# Definition:Fermat Prime

## Definition

A **Fermat prime** is a Fermat number, that is a number of the form $2^{\paren {2^n} } + 1$, which happens to be prime.

In fact, $2^{\paren {2^n} } + 1$ is prime for $n = 0, 1, 2, 3, 4$.

However, $2^{\paren {2^5} } + 1 = 2^{32} + 1$ is divisible by $641$, as was proved by Euler.

No **Fermat prime** for $n > 4$ has ever been discovered.

### Sequence

The sequence of **Fermat primes** begins:

\(\displaystyle 2^{\paren {2^0} } + 1\) | \(=\) | \(\displaystyle 3\) | $\quad$ | $\quad$ | |||||||||

\(\displaystyle 2^{\paren {2^1} } + 1\) | \(=\) | \(\displaystyle 5\) | $\quad$ | $\quad$ | |||||||||

\(\displaystyle 2^{\paren {2^2} } + 1\) | \(=\) | \(\displaystyle 17\) | $\quad$ | $\quad$ | |||||||||

\(\displaystyle 2^{\paren {2^3} } + 1\) | \(=\) | \(\displaystyle 257\) | $\quad$ | $\quad$ | |||||||||

\(\displaystyle 2^{\paren {2^4} } + 1\) | \(=\) | \(\displaystyle 65 \, 537\) | $\quad$ | $\quad$ |

This sequence is A019434 in the On-Line Encyclopedia of Integer Sequences (N. J. A. Sloane (Ed.), 2008).

No other Fermat primes are known.

## Also see

- Results about
**Fermat primes**can be found here.

## Source of Name

This entry was named for Pierre de Fermat.

## Historical Note

In $1640$, Pierre de Fermat wrote to Bernard Frénicle de Bessy that $2^n + 1$ is composite if $n$ is divisible by an odd prime.

He also observed that the first $5$ numbers of the form $2^{2^n} + 1$ are all prime.

This led him to propose the Fermat Prime Conjecture: that all numbers of this form are prime.

On being unable to prove it, he sent the problem to Blaise Pascal, with the note:

*I wouldn't ask you to work at it if I had been successful.*

Pascal unfortunately did not take up the challenge.

The Fermat Prime Conjecture was proved false by Leonhard Paul Euler, who discovered the prime decomposition of the $6$th Fermat number $F_5$.

In $1877$, Ivan Mikheevich Pervushin proved that $F_{12}$ is divisible by $7 \times 2^{14} + 1 = 114 \, 689$, but was unable to completely factorise it.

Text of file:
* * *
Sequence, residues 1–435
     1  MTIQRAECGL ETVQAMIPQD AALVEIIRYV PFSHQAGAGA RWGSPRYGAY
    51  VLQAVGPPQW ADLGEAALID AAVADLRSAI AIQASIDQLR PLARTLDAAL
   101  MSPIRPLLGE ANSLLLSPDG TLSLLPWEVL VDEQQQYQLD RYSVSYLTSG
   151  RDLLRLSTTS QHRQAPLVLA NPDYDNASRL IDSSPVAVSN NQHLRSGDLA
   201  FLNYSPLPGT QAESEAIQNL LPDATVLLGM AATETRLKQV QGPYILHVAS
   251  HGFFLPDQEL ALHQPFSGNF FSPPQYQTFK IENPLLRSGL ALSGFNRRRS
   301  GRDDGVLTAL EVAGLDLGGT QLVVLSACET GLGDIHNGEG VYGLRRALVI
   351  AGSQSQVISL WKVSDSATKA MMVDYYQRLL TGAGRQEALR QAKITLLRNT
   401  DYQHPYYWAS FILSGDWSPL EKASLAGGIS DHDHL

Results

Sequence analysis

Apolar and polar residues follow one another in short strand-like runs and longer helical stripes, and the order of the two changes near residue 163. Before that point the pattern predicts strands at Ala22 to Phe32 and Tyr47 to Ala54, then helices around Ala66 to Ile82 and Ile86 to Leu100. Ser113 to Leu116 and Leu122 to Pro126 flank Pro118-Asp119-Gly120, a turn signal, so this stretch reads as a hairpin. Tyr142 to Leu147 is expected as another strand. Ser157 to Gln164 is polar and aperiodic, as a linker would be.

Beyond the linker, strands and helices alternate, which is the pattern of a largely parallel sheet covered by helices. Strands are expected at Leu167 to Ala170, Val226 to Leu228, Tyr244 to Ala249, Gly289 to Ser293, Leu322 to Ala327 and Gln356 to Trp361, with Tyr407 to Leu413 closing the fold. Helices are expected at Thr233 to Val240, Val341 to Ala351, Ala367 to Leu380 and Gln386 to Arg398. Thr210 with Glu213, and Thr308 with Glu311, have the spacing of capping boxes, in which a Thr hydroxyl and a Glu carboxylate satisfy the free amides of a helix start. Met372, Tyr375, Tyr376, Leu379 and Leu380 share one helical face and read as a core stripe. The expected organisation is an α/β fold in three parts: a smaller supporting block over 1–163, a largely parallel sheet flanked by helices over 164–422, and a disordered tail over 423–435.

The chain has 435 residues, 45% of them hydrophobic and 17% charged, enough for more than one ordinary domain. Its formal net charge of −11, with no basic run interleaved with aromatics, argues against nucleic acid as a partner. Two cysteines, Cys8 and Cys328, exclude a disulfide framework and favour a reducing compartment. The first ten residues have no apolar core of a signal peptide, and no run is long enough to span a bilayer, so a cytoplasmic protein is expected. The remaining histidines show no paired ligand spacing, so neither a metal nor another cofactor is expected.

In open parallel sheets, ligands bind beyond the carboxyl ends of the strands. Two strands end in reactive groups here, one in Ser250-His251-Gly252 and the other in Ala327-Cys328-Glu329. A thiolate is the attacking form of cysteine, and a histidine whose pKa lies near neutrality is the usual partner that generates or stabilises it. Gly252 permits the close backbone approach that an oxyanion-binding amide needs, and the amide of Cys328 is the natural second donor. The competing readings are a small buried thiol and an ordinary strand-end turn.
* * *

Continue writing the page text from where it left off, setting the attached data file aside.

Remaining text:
In $1878$, he similarly found that $5 \times 2^{25} + 1$ is a divisor of $F_{23}$.

Fortuné Landry factorised $F_6$ in $1880$, in the process setting the still-unbroken record for finding the largest non-Mersenne prime number without the use of a computer.

In $1909$, James C. Morehead and Alfred E. Western reported in *Bulletin of the American Mathematical Society* that they had proved that $F_7$ and $F_8$ are not prime, but without having established what the prime factors are.

Prior to that, several divisors of various Fermat numbers had been identified, including $F_{73}$ by Morehead, who found the divisor $5 \times 2^{75} + 1$ in $1906$.

The prime factors of $F_7$ were finally discovered by Michael A. Morrison and John David Brillhart in $1970$:

- $F_7 = \left({116 \, 503 \, 103 \, 764 \, 643 \times 2^9 + 1}\right) \left({11 \, 141 \, 971 \, 095 \, 088 \, 142 \, 685 \times 2^9 + 1}\right)$

One of the divisors of $F_8$ was found by Richard Peirce Brent and John Michael Pollard in $1981$:

- $1 \, 238 \, 926 \, 361 \, 552 \, 897$

Some divisors of truly colossal Fermat numbers are known.

For example:

- a divisor of $F_{1945}$ is known
- $19 \times 2^{9450} + 1$ is a divisor of $F_{9448}$
- $5 \times 2^{23 \, 473} + 1$ is a divisor of $F_{23 \, 471}$

## Sources

- 1982: P.M. Cohn:
*Algebra Volume 1*(2nd ed.) ... (previous) ... (next): $\S 2.4$: The rational numbers and some finite fields: Further Exercises $8$ - 1986: David Wells:
*Curious and Interesting Numbers*... (previous) ... (next): $5$ - 1986: David Wells:
*Curious and Interesting Numbers*... (previous) ... (next): $257$ - 1986: David Wells:
*Curious and Interesting Numbers*... (previous) ... (next): $65,537$ - 1997: David Wells:
*Curious and Interesting Numbers*(2nd ed.) ... (previous) ... (next): $5$ - 1997: David Wells:
*Curious and Interesting Numbers*(2nd ed.) ... (previous) ... (next): $257$ - 1997: David Wells:
*Curious and Interesting Numbers*(2nd ed.) ... (previous) ... (next): $65,537$ - 2008: Ian Stewart:
*Taming the Infinite*... (previous) ... (next): Chapter $7$: Patterns in Numbers